An international toy brand is raising funds for an Andover charity after creating a doll based on a Faberstown Girl.

Lottie Dolls, based in Ireland, has created the ‘Rosie Boo’ doll after hearing the story of Rosie Barnett, a six-year-old with Down’s Syndrome. The company made the doll following Rosie’s dad, Jason Kneen, having built a lifesize replica of one of its dolls houses in the family’s back garden.

Jason said his family was “thrilled” with the doll, with profits from online sales going towards Andover Twenty1, which supports families with Down’s Syndrome.

Lottie Dolls was founded in 2012 as a company aiming to promote STEM subjects for children. The dolls focus on a range of different topics, with one model, Stargazer Lottie, being taken into space by astronaut Tim Peake.

The company first became aware of Rosie’s story when they heard about the life-size replica of their doll’s house being constructed in the family’s back garden. The family rents out the doll’s house on AirBnB.

At the time, Jason said: “As a thank you for doing this, they want to make a doll for her [Rosie], so they’ve sent us a design through, and they’re actually going to do a Down’s syndrome doll”.

The doll has since been produced and made available to pre-order on Sunday, March 21, for World Down Syndrome Day (WDSD). It features an animal dress to reflect Rosie’s love of nature, odd socks to commemorate WDSD, and boots with extra support.

Jason said: ““We’re thrilled, at this time of year especially, that we can raise awareness for Down’s syndrome and educate children on the differences that Down’s syndrome comes with, and what makes these kids special.”

“The nice thing about Lottie is that they’re very diverse and inclusive in terms of how they approach the design of the dolls.

“It’s really important that they have done different disabilities, different body types, and this is a great opportunity, with the extra information that has gone into the pack as well.”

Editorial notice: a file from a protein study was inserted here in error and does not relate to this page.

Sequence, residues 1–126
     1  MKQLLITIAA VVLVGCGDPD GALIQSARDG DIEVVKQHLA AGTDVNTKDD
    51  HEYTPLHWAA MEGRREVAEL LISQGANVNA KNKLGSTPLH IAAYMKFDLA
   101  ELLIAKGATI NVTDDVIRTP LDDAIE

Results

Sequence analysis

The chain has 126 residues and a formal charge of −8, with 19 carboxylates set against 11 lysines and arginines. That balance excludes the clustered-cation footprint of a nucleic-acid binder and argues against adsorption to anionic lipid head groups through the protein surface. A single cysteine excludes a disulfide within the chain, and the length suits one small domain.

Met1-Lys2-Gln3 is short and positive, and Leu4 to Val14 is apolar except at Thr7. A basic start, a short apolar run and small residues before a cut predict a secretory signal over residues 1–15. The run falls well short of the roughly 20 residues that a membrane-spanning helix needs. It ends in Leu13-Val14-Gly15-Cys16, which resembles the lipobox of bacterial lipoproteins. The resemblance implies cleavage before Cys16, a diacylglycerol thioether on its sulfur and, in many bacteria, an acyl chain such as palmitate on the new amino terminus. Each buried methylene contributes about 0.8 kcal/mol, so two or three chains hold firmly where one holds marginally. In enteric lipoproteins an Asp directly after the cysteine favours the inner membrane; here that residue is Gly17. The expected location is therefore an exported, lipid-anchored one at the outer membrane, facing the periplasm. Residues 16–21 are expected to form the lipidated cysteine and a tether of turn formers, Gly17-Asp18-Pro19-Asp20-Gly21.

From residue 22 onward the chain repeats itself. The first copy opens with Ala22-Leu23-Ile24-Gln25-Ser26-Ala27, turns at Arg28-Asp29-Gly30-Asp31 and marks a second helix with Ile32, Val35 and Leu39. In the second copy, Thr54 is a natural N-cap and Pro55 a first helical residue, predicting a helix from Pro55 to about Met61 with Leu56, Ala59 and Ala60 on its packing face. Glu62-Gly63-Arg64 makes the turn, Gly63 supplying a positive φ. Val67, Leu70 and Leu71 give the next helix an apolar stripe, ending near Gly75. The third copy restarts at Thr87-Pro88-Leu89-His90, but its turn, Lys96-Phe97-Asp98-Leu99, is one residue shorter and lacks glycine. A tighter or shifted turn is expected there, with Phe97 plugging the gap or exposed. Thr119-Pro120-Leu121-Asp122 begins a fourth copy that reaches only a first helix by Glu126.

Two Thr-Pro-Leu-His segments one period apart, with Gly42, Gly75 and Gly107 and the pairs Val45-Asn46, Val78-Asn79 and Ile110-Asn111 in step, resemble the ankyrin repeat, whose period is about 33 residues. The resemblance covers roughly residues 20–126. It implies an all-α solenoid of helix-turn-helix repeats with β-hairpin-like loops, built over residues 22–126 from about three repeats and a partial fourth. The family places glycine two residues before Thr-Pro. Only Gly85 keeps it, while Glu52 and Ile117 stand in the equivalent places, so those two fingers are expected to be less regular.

He added: “We are delighted that a donation from every sale of the Rosie Boo doll will be made to our local charity, Andover Twenty1, supporting people with Down’s Syndrome and their families."

Andover Twenty1 told the Advertiser: "Andover Twenty1 is delighted that Lottie Dolls have created a doll inspired by one of our members. We absolutely adore the Rosie Boo Doll and she is a fantastic way to show that children's toys can be inclusive.

"We are also extremely grateful that Lottie Dolls are highlighting our charity by donating a portion of each sale to Andover Twenty1. This support will allow us to continue services for Rosie and all her friends in the years to come."

Ian Harkin, of Lottie Dolls, said: “We have learnt how playing with toys with differences helps develop empathy in kids before culture determines how we should react to differences.

“To me, that’s one of the most powerful things we’ve discovered about doll play, the positive impact that can empower kids but also potentially to help reduce bullying by normalising differences.

“It’s incredibly powerful for kids to be able to see a doll in their likeness but equally it’s important that all kids have a diverse toy box.”